Drinks: Casa Batlló – In the summertime, from late June through late September, the rooftop of this Antoni Gaudí-designed building on the Passeig de Gracia, is open Tuesdays through Sundays starting at 9 pm. Sure, it’s pricy — you get a cocktail (included in the $40 entrance fee) and the chance to hear live music — but it’s also an unforgettable way to see an iconic architectural masterpiece, which is inspired by the Mediterranean Sea.
For Everyone: La Boqueria – Barcelona’s most famous market, originally built around 1200, is located right on Las Ramblas. It may be the best place in town to buy souvenirs. From Spanish olive oil and Manzanilla olives to Marcona almonds, honey-flavored nougat, and sherry vinegar, you can get just about any food that Spain is known for here — but resist the urge to buy Iberico ham to take home. It’s too sad to watch it taken away at customs. Instead, buy a paper cone of thinly sliced ham or hunks of Manchego cheese to munch on while you walk.
For Couples: La Barceloneta – If what you really crave is a day on the sand, follow the locals to the city’s most beloved beach. Spend the day splashing in the surf and lying in the sun (you can rent an umbrella and lounge chairs for the afternoon). Then, change out of your swimsuit and get a late dinner of seafood-laden paella. (Hint: We hear great things about Suquet de L’Almirall.) A cab for the 20-minute ride from the port can be costly, so consider taking a bus instead. Just be prepared for the, um, more brazen way that Spaniards dress for the shore.
For Families: Pools – Unlike other metropolitan areas — including Paris and New York — many of Barcelona’s hotels have rooftop or terrace pools, including Hotel Omm (above), Hotel Arts, Hotel 1898, and the NH Calderon. Book a room at one of these properties, and the kids can play and splash and adults can admire the spectacular city skyline, including the cable car from Montjuïc and the spires of Gaudí’s Sagrada Familia.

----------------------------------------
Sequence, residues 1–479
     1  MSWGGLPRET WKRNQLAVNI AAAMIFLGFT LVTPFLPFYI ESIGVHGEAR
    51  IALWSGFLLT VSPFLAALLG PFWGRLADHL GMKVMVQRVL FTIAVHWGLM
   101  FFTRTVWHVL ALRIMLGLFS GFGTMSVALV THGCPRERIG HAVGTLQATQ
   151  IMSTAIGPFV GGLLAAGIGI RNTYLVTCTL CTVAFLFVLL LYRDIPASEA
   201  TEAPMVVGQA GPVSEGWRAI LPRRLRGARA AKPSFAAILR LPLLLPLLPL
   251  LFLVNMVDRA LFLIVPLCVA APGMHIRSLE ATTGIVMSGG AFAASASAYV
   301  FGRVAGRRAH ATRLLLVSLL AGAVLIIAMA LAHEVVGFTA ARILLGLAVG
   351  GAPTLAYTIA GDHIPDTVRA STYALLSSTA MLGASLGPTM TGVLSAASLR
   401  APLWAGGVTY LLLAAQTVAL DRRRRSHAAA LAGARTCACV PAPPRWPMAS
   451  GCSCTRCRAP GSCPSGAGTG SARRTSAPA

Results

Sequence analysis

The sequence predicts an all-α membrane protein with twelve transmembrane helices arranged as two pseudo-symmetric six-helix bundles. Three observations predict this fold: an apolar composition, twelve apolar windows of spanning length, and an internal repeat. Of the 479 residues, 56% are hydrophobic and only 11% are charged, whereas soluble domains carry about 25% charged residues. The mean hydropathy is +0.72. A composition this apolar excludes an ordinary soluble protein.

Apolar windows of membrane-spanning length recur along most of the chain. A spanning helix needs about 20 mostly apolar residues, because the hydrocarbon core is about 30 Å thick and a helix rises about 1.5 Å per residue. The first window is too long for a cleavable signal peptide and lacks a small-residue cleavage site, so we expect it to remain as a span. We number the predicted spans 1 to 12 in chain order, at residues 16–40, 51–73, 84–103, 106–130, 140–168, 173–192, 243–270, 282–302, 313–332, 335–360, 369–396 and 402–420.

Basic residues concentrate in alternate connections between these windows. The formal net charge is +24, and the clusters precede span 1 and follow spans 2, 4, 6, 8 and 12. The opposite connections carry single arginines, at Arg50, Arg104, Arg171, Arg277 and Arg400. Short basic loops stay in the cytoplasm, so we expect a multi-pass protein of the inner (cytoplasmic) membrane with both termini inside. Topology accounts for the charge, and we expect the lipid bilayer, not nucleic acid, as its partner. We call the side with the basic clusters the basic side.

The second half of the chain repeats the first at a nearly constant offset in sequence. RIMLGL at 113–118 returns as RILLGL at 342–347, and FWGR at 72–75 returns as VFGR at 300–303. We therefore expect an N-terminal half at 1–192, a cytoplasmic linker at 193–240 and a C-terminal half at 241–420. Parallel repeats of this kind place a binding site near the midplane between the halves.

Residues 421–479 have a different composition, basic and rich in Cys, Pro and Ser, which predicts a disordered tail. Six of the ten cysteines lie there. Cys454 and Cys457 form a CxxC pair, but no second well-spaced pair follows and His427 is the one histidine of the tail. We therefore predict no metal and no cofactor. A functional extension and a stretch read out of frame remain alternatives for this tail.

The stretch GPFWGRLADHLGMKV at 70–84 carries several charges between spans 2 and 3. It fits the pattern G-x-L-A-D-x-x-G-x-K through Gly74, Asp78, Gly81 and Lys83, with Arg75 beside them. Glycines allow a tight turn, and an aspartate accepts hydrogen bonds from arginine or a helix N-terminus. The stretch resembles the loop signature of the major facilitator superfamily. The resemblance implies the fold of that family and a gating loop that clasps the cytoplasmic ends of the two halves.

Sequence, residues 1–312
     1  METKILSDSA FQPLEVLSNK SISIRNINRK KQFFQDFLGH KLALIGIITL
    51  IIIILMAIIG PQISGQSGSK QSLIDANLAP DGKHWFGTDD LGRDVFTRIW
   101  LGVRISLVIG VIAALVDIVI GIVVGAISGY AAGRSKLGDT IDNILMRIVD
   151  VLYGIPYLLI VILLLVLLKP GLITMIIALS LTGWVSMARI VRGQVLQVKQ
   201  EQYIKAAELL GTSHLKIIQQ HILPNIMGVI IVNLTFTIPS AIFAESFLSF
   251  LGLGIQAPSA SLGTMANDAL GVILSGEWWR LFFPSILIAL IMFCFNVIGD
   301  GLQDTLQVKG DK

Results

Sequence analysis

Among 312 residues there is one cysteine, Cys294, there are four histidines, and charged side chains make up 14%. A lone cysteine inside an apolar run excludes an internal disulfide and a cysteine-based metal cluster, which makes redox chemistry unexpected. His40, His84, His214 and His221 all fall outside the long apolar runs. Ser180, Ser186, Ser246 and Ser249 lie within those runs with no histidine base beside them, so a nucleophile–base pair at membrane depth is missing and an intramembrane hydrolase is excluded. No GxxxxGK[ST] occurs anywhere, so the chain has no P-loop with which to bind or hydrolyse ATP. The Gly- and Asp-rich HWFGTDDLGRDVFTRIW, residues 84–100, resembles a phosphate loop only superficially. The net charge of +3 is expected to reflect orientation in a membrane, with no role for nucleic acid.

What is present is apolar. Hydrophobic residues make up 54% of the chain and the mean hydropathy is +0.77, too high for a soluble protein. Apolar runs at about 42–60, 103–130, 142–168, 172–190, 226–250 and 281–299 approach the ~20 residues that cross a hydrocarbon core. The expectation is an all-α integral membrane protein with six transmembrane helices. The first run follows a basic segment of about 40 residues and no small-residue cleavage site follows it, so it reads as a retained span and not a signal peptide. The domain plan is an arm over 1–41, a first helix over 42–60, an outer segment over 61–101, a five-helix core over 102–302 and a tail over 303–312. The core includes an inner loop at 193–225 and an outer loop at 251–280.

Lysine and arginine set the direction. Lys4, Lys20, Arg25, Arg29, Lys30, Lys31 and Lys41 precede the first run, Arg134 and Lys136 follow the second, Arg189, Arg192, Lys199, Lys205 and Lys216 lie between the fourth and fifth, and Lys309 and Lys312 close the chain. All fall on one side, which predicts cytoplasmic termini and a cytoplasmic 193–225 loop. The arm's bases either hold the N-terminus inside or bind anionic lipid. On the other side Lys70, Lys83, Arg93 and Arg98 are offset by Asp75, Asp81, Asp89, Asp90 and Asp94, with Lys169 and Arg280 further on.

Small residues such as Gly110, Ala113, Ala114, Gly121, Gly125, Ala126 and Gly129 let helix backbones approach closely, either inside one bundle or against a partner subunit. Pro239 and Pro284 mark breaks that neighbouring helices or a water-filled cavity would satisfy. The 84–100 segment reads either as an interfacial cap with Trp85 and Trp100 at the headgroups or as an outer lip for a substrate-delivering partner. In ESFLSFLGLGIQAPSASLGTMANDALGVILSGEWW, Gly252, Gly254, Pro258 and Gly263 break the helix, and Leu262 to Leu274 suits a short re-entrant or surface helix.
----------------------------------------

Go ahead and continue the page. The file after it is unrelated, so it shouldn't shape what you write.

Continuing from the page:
For the Adventurous: Park Güell – This amazing city park, built in 1900, was also the brainchild of Gaudí. While many visitors just stop at the gated entrance and admire tiled portrayals of salamanders and goblins, hikers will find this a worthwhile place to stretch their legs. Because the park itself is a whopping 40-plus acres, you’ll want to set aside half a day for a proper hike, especially considering the fact that the paths are built into a steep slope. While you’re in the park, look for native trees — including fig, olive, cypress, and almond — as well as parrots and the noticeably more rare eagles.
In August, many of the city’s best restaurants close for vacation. If trying the cool modernist cuisine this town is known for is important to you, plan to sail here before or after the summer vacation period, and make your reservations at hot spots months in advance.